CRA holding back tax refunds from people it says received pandemic benefits by mistake


The 2023 tax season may be over, but some taxpayers are still being hit with unpleasant surprises.

The government has started holding back all or part of tax refunds for Canadians it says received Canada Emergency Response Benefit (CERB) payments for which they weren’t eligible.

Ottawa’s Jared Cornelius — who saw his entire refund taken this year — insists he was eligible for the one $2,000 payment he received when he was out of work during the first month of the pandemic.

“I felt like I just got robbed by my own government,” he said.

In December, the auditor general reported that $4.6 billion in pandemic benefits went to ineligible recipients. By law, the federal government has 36 months from the time benefits are paid to confirm that a payment was proper.

While that $4.6 billion total includes other pandemic programs — such as the wage subsidy and the caregiver benefit —  the CRA has been sending notices to CERB recipients it believes have received funds in error.

As of mid-April, over one million such notices have been sent out, said the agency. While multiple notices can be sent to a single recipient, the CRA said roughly 775,000 people have repaid money so far — nearly $1.4 billion. CRA said it has recovered $237 million through offsets such as holding back tax refunds.

Gerry Campbell, director of operations for Liberty Tax in Toronto, said he’s heard from a number of clients whose refunds were withheld. Campbell said the notices offer little information on which rules his clients violated.

I found it confusing now trying to help clients sort out their mess,” he said. “It’s not easy trying to extract from the … letters what it is they are really wanting to claw back.”

When reached for comment, National Revenue Minister Diane Lebouthillier’s office referred CBC News to the CRA.

The agency said those who believe they were eligible for the payments can ask for a review.

“Many factors can influence a taxpayer’s debt. That is why we encourage Canadians to contact the CRA if they have any questions about their file,” a CRA statement said.

Cornelius said he’s called the agency a number of times and has been told that nothing can be done.

A photo of a computer screen showing a government web page.
DT Cochrane, from the advocacy group Canadians for Tax Fairness, said the CRA is being too harsh by withholding tax returns, even in situations where the recipient wasn’t eligible for pandemic benefits like the CERB. (Giordano Ciampini/The Canadian Press)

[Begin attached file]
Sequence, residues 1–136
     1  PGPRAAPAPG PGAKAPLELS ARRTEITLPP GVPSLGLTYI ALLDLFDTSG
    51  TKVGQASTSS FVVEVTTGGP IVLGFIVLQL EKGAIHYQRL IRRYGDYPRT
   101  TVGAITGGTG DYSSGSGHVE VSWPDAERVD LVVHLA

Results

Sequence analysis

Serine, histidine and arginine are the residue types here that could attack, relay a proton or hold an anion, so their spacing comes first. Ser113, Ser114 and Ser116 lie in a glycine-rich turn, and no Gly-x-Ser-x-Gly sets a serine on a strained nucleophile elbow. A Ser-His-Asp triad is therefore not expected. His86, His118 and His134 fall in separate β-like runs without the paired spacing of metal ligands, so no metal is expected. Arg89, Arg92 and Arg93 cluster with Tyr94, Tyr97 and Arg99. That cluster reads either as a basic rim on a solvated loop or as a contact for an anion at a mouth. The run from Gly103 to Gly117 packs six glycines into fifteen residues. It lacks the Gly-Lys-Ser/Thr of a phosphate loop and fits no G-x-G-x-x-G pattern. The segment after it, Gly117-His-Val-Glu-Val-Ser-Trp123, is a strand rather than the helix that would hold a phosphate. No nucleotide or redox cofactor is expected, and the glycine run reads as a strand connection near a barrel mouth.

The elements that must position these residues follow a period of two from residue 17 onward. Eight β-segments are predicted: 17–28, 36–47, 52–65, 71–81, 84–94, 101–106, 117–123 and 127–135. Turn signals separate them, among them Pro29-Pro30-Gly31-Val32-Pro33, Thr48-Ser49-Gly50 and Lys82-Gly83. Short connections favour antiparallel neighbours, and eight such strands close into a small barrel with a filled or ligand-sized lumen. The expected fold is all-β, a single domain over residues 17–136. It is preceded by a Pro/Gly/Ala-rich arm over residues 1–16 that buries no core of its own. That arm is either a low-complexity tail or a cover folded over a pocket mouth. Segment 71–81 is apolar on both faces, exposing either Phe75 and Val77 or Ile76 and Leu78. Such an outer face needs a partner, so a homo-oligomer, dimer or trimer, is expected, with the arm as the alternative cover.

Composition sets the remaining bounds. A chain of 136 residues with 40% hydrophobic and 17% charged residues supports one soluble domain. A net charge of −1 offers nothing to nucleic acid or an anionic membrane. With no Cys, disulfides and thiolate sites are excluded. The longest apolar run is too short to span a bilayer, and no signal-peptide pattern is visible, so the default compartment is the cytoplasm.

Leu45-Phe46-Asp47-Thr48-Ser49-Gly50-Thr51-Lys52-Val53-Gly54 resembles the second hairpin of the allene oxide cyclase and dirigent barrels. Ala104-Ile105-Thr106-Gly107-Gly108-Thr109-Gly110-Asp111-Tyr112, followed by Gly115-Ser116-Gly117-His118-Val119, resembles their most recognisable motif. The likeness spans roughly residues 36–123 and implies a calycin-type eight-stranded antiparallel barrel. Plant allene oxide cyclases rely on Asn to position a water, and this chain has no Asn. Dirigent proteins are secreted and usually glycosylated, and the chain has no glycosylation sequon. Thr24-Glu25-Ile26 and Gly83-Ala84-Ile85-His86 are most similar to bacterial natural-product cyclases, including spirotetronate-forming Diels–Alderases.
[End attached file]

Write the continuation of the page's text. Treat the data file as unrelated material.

“I’d be better off walking and talking to a Canadian goose to try and explain my problem,” Cornelius said. “They’ll probably respond with the exact same thing. They’ll hiss at me and honk because they don’t care.”

D.T. Cochrane, of the advocacy group Canadians for Tax Fairness, said withholding refunds is too harsh a tactic, even in situations where the recipient wasn’t eligible.

“That’s far too punitive for the situation that’s being dealt with. A lot of people in the uncertainty of the pandemic applied for these relief programs and honestly believed that they were eligible,” Cochrane said.

Refund taken after establishing payment plan

The government has said in the past that it would be flexible with those who owe money after receiving the CERB.

Amanda Patrick of St. Albert, Alta., said she doesn’t feel the CRA was flexible in her case.

Patrick received an extra CERB payment in 2020 and offered to pay it back immediately. But when she contacted the CRA to do so, she was told not to worry about it at the time.

“I was like, ‘I think you gave me money when I wasn’t supposed to [get it].’ But they had told me, ‘No, you’re good,'” she said.

When Patrick received a notice last year asking for the money back, she said she was no longer in a position to repay the money in full. She said she contacted the CRA and worked out a payment plan that wouldn’t put a burden on her or her family. She said she was told her refund would still be held back.

Patrick said she understands that she needed to pay the money back but she wishes she could have kept her payment plan instead — especially given the rapid pace of inflation over the past year.

“That [tax refund] would have helped me get ahead. That would have helped me be above water, like I could have started fresh,” she said.

Campbell said automatically clawing back a refund when a taxpayer has a debt is the “modus operandi for the CRA.”

“The payment plan they’re happy to accept, but when they are giving the [refund] money out, they make sure that their bill is paid first,” he said.

Cochrane said the CRA should show the same flexibility in reclaiming pandemic benefits it did when the agency handed the money out.

“After proving just how flexible it could be in the early days of the pandemic, the CRA has forgotten those lessons,” he said.

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